Posted by: notdeaddinosaur | March 19, 2011

Beware of “Verification”

There’s a new scam in town.

Company calls over and over again (claiming to be the phone company, actually) just wanting to “verify your address”. Over and over again they get told we aren’t interested, leave us alone, don’t call. Finally, my solitary staffer gets sick of fending them off and goes through their voice activated “address verification”, during which a mechanical voice asks questions, followed by a command to “Say Yes or No, then press the pound key.”

So she goes through the innocuous questions, including her full name, the office address and phone number, plus several iterations of saying “Yes or No, then press pound.” The calls stop; everyone is happy.

Until I get the phone bill six weeks later. Lo and behold, there is an extra $49.99 charge (plus tax) from a company I never heard of. Multiple phone calls reveal it to be a company providing “Internet optimization, web services, and a toll free number,” stuff I neither need nor want.

I call to bitch complain. I am told there exists a recording of Solitary Staffer authorizing said services. I’ve actually heard this line before. “Let me hear it,” I demand. What usually happens is that said recording “cannot be found,” the services end up canceled, the account credited.

This time, though, they produce a recording of what is clearly SS’s voice saying her full name, the office address and phone number, plus the word “yes” several times. However the mechanical voice is saying things like, “Do you agree that you are authorized to incur charges at this number,” which SS clearly is not, knows she is not, and to which she never ever would have responded “Yes” and pressed the pound key.

Obviously they have taken clips of her voice and spliced them into whatever they wanted.

A nice touch is the “30 day free trial period” during which I could have stopped the service for free, the catch being that I received no notification until the phone bill six weeks later.

I yell, scream, moan politely demand that they discontinue the service and credit my account immediately. Although the first person I get on the line claims not to have the authority to do so, she puts me on hold for a while, then comes back and agrees to credit me $99.98 for the two billing cycles. Now I have to decide if it’s worth calling the phone company to get the $6.00 credit for the damn tax.

Take home lesson: be very leery of calls for “verification,” a word whose root comes from the Latin for “truth”, that now seems to portend naught but lies.


  1. Thanks for the info; glad you resolved it. And if you want the six tax bucks back, it’ll take only $140 worth of your time. It is ridiculously time consuming to reach a human being at a telephone and other communication company, so let me suggest – COG that I am, forget about the six bucks and I’ll buy a drink the next time I see you.

  2. I’d put the company name in this blog post, then tweet it, facebook it and send a link to the better business bureau.

    My post on the National Honor Roll scan gets hundreds of hits a month, and with every hit I am informing a potential scam victim away. The post even prompted a TV news show to do a story on the scam.I got interviewed of course, but that’s not the point. The point is that my little blog post PSA continues to do it’s job. It’s a great feeling.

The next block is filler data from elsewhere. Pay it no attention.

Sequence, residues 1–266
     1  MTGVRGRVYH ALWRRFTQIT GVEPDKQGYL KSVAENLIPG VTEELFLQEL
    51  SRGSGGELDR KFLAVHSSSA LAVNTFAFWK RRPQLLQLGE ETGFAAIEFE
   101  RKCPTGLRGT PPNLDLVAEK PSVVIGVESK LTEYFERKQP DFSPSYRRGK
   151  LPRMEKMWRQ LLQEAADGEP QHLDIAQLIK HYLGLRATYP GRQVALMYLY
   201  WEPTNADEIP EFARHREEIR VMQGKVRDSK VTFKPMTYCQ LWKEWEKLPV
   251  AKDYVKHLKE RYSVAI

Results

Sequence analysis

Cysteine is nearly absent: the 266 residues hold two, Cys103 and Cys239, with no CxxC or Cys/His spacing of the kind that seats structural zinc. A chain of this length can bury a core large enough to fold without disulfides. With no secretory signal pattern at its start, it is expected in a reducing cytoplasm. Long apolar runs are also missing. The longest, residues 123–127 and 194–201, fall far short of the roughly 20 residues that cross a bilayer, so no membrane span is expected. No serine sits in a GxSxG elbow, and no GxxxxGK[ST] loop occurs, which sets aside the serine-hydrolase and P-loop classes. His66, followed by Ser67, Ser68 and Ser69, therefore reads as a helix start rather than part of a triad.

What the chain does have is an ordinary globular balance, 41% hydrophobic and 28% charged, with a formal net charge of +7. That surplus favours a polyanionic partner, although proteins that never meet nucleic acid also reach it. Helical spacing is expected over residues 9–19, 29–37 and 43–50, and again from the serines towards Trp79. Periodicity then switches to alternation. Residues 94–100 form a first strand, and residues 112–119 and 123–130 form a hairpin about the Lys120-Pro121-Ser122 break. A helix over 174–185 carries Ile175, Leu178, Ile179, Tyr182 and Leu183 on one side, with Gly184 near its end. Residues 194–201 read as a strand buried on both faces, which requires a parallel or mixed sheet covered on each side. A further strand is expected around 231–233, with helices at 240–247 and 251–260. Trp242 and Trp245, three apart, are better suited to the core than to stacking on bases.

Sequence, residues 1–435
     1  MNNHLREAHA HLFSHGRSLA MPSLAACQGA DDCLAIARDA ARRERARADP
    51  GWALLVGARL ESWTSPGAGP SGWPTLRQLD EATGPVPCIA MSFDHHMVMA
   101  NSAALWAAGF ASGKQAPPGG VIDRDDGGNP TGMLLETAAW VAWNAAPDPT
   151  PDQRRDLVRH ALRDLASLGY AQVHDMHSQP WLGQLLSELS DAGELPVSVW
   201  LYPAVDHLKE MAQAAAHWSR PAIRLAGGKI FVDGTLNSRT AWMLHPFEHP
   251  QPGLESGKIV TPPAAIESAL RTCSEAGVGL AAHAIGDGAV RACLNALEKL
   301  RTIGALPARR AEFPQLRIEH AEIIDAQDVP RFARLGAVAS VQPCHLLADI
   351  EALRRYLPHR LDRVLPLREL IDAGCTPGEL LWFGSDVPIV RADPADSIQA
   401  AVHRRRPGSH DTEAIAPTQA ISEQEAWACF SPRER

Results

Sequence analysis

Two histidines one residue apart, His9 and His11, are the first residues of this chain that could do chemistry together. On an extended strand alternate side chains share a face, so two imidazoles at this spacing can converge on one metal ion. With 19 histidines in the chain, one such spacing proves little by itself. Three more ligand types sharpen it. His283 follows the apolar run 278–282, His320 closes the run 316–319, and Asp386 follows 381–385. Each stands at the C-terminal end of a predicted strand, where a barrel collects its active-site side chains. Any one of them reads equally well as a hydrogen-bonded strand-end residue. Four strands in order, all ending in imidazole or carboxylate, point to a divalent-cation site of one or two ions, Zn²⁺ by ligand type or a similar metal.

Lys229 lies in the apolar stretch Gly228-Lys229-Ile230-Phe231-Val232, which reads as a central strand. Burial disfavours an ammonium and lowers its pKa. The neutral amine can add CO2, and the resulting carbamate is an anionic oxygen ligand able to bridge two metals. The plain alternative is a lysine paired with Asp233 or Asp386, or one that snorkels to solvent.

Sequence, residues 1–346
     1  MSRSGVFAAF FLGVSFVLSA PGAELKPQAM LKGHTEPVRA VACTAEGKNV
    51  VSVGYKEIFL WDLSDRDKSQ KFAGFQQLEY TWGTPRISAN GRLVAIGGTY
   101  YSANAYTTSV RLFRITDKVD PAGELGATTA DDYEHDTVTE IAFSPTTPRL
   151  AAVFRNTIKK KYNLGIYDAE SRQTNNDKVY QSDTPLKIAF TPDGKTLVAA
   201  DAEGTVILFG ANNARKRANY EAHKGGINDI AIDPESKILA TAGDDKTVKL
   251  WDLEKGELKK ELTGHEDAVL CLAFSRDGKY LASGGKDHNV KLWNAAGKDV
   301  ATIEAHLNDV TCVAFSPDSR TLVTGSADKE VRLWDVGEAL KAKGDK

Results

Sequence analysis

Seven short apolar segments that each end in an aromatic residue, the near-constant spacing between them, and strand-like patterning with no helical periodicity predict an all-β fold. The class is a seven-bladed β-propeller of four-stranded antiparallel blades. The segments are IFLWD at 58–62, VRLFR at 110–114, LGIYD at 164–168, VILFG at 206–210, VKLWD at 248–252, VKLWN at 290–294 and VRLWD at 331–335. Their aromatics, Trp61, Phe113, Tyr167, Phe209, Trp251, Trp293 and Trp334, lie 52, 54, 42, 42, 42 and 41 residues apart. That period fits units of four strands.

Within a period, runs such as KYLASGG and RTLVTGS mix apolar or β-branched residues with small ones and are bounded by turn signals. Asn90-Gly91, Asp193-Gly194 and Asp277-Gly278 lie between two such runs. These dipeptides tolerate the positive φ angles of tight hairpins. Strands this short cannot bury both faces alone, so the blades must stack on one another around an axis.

3. This scam has actually been around quite a while and it’s annoying as hell. I’d sometimes get as many as ten calls like this a week when I had the inn, as have many innkeepers I know. I guess they’re targeting doctors’ offices now.

  4. What I would really like to know is: a) how it is legal for another company to bill you via the telephone company like that. I know it is, but how did it ever get that way? I can’t pad my bills with unrelated services from a different company; and b) does the company in question provide any legitimate services for your fee of $49.99 a month, and can they prove they provided them to you?

  5. Wow!!! Scamming has taken itself to the next level. And yes, my questions are similar to the above commenter. Do they offer ANY real services? That type of trickery should be worthy of a legal reprimand. Knowing me, I’d probably wouldn’t rest until I’d gotten all my money back–$6 included.

  6. I received the same call about a year ago. I stated I did not want any free offers and to not bill me for anything. The call center from Asia rep stated they just wanted to verify my office address and phone number, which I stated yet to on a recorded line. Two months later I received a bill for $44, including tax. I got the money back by stating I did not ask for any internet building site, as I already have a website. I have learned simply to hang up on any of these scammers.

  7. Yep, we got this for the phone book. I went through the questionnaire like an idiot, and got a bill for $600. Office manager nearly had kittens. Then we got threatening phone calls claiming we owed them money, but would agree to “discount” the bill. Office manager asked to hear the proof, whereby the spliced tape was played. She hung up on them.

    We continued getting bills and threatening letters, blah, blah. The last time they called, I got the phone and squealed with glee. “Hold on,” sez me. “Let me get my recorder going so I can turn this over to the FBI.” Never heard from them since.

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